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On This Day: the Laki eruption begins, 1783 8 June 2011

Posted by admin in anniversaries, Iceland, Laki, on this day.
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On This Day: 8 June 1783On 8 June 1783 a fissure eruption began across the flanks of the Laki volcanic mountain ridge in south-eastern Iceland. The Laki (or Lakagígar) eruption lasted until 8 February 1784: approximately 27 km of fissures ultimately opened, and 14.7 cubic kilometres of lava were erupted. This was a huge volume of material, but the lava did not itself directly cause any deaths. Much more deadly were the gas emissions (PDF) produced by the eruption. The Laki eruption released vast quantities of gas into the atmosphere: the majority was water vapour, but an estimated 10% is thought to have been composed of carbon dioxide, sulphur dioxide, hydrogen chloride and fluorine. A dry fog hung over Iceland, the North Atlantic and parts of adjacent land masses for weeks. The 50 million tonnes of sulphur dioxide combined with atmospheric water vapour to form sulphuric acid aerosols, and the resulting acid rain poisoned the soil and destroyed the grazing upon which Iceland’s livestock depended. Animals died in their tens of thousands, and the people followed: by the end of 1785 over 10,000 people had died, perhaps one-fifth of Iceland’s population, 9 out of 10 from famine. Nor were the effects limited to Iceland: the acidic haze erupted from Laki spread to Britain, Ireland and continental Europe, bringing fogs, acid rain, violently disturbed weather patterns and unseasonable temperatures, leading to damaged vegetation, failed harvests, hunger and poverty (in these circumstances, the French Revolution was inevitable). Beyond Europe, populations as far afield as North America, Egypt and Japan may have suffered the meteorological and economic consequences of the seven-month Laki eruption.

UPDATE. More on Laki 1783 from the fascinating History of Geology blog: 8 June 1783: the Laki eruptions.

The Volcanism Blog


Some recent volcano-related articles 20 December 2007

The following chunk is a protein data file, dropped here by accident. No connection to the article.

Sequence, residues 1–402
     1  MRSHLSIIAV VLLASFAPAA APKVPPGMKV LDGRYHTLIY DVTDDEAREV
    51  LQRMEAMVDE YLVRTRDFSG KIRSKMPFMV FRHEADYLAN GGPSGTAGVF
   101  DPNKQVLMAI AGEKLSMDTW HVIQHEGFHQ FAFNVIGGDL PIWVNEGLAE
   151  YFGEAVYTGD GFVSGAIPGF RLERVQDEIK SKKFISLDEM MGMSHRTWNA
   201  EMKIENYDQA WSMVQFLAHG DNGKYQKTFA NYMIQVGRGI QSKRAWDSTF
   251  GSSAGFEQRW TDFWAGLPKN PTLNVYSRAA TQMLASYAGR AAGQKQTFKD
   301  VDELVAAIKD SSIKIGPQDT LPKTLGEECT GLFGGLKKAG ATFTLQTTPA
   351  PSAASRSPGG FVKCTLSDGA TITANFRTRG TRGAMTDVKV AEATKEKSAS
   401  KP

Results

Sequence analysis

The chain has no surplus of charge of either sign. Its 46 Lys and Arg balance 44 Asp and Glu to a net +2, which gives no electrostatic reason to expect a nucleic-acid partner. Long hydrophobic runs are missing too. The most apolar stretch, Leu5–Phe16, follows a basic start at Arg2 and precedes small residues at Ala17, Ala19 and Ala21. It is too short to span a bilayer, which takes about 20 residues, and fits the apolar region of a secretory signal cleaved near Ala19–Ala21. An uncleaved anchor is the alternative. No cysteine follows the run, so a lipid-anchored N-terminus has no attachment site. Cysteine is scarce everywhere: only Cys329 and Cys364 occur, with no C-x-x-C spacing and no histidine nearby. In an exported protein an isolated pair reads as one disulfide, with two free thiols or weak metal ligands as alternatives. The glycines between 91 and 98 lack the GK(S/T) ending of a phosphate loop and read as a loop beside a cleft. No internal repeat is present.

Posted by admin in Alaska, Iceland, Indonesia, Laki, Novarupta, volcano culture, volcanology.
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Some interesting recent open-access articles of volcanological interest: National Geographic Magazine looks at the place of volcanoes in Indonesian culture, The Economist explores the climate effects of the Laki eruption of 1783, and Geology.com has an account of the 1912 Novarupta eruption.

Volcano CultureNational Geographic Magazine (January 2008)
‘On a less earthly plane, volcanoes stand at the heart of a complicated set of mystical beliefs that grip millions of Indonesians and influence events in unexpected ways. Their peaks attract holy men and pilgrims. Their eruptions augur political change and social upheaval. You might say that in Indonesia, volcanoes are a cultural cauldron in which mysticism, modern life, Islam, and other religions mix—or don’t. Indonesia, an assemblage of races, religions, and tongues, is riveted together by volcanoes. Reverence for them is virtually a national trait.’ Read on >>

18th-century climate change: the summer of acid rainThe Economist (19 December 2007)
‘In Europe, the summer of 1783 had been unusually warm, the warmest recorded in England before 1995. White called the season “an amazing and portentous one, full of horrible phenomena”, and complained of the abnormal number of wasps. The heat may have been a short-term greenhouse-gas effect from high concentrations of sulphur dioxide. … At the time, some people suspected the volcano might be to blame. Benjamin Franklin, then America’s ambassador to Paris, wrote to the Literary and Philosophical Society of Manchester that “[the sun’s] effect of heating the Earth was exceedingly diminished. Hence the surface was early frozen. Hence the first snows remained on it unmelted. Hence the air was more chilled. Hence perhaps the winter of 1783-84 was more severe than any that had happened for many years.” In speculating upon the cause, he wondered “whether it was the vast quantity of smoke, long continuing to issue during the summer from Hecla in Iceland [near Laki]”. It was.’ Read on >>

The most powerful volcanic eruption of the twentieth century – Geology.com (12 December 2007)
‘On June 6th, 1912 a tremendous blast sent a large cloud of ash skyward and the eruption of the century was underway. People in Juneau, Alaska, about 750 miles from the volcano, heard the sound of the blast – over one hour after it occurred. For the next 60 hours the eruption sent tall dark columns of tephra and gas high into the atmosphere. By the time the eruption ended the surrounding land was devastated and about 30 cubic kilometers of ejecta blanketed the entire region. This is more ejecta than all of the other historic Alaska eruptions combined. It was also thirty times more than the 1980 eruption of Mount St. Helens and three times more than the 1991 eruption of Mount Pinatubo, the second largest in the 20th Century.’ Read on >>

The Volcanism Blog